Non-profits should adopt technology in order to improve their functioning and transparency
The world stands at the cusp of robust digital consumption, establishing the significance of technological expansion as never before. Irrespective of the industry, technology these days is at the core of the evolution of a company, be it a profit or a Non-Profit Organisation (NPO). Technology and innovation help consumer brands reach stakeholders and build a long-lasting relationship. NPOs require to create awareness and leverage technology to engage with possible contributors. And like any other industry, achieve operational efficiency and effectiveness. While businesses driven by profit exploit technology to obtain optimum results, NPOs stay at the receiving end as they are not well-versed at harnessing the benefits of technology, owing to various constraints like lack of funds, shortage of manpower and the lack of technological know-how and so on. According to a survey conducted among 725 philanthropic professionals across the US, Canada, the UK, France, Germany and the Netherlands, it was reported that about 93 per cent of professionals lacked the expertise required to adopt new technologies.
As the Novel Coronavirus raged last year, its devastating shocks were felt by the business sector and even NPOs could not escape the clutches of the economic downturn induced by the pandemic. A lot of NPOs collapsed last year, along with their dreams. The COVID-19 menace compounded the challenge for philanthropic organisations who were already struggling to keep pace with technology. The Centre for Social Impact and Philanthropy, Ashoka University conducted a survey among 50 leaders from various NPOs located across India and, a majority of them admitted that they had been procrastinating on digital technology adoption in their operations and the sudden lockdown caught them by surprise as they were completely unprepared to handle the crisis.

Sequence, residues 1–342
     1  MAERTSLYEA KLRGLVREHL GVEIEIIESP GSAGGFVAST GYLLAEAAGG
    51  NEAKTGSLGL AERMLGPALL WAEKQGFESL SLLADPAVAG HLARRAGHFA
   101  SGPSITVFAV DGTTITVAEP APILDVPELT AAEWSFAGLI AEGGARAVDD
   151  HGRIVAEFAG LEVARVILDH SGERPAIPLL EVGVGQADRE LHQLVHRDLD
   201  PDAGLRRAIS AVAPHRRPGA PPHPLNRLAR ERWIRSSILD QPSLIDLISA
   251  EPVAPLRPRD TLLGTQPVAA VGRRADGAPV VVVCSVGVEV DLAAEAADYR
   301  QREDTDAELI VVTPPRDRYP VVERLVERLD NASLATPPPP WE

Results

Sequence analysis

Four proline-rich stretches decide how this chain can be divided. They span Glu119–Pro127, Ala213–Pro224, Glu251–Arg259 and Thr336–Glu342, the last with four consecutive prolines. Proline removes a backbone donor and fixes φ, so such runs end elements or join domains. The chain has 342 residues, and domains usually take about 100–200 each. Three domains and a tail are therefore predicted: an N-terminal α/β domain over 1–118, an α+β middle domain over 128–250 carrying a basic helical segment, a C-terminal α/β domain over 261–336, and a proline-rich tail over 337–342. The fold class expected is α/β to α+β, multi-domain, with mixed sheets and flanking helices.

It would be in the best interest of NPOs to mutate their DNA and adapt a professional mindset when it comes to the integration of technology. As charitable organisations are at more of a disadvantage than profit making businesses, adopting technology can make their operations more efficient and cost-effective as technological intervention promotes smart work. It prioritises work according to the time, budget, the workforce and schedule. With the help of automation, work gets organised efficiently, thus reducing the unnecessary manual process, saving time, labour and operational costs and eventually increasing productivity.
NPOs working on a trust model, must adopt technology to ensure transparency in their functioning. This will play a significant role in establishing and maintaining the faith of stakeholders, volunteers, partners and employees. Here, automation plays an instrumental role in improving transparency. Further, to attract donors charitable entities need to increase their visibility or presence and, this is where technology comes to their rescue, helping them expand their reach. However, intense digital penetration draws attention to another area of growing concern — cybersecurity. In day-to-day working, personal and business-related information colludes with other data sets, thus imposing a obligation on these organisations to protect their data. NPOs need a digital policy road map. They need to know how to protect sensitive data from theft and breach and secure it. It is also essential for NPOs to safeguard their assets with the help of technology that frees them from any unwarranted legal liability. While investigating cyber attacks, administration and Information Technology leaders must have extensive knowledge of related laws and full understanding of the obligations associated with it, before employing software or the technique. The NPOs need to recruit technically-competent volunteers and staff. They also need to bridge the gap between technical and non-technical employees. In a nutshell, technology plays the role of a scorer increasing an NPO’s efficacy and transparency.
(The writer is founder and president of a non-profit, The Programming Foundation. The views expressed are personal.)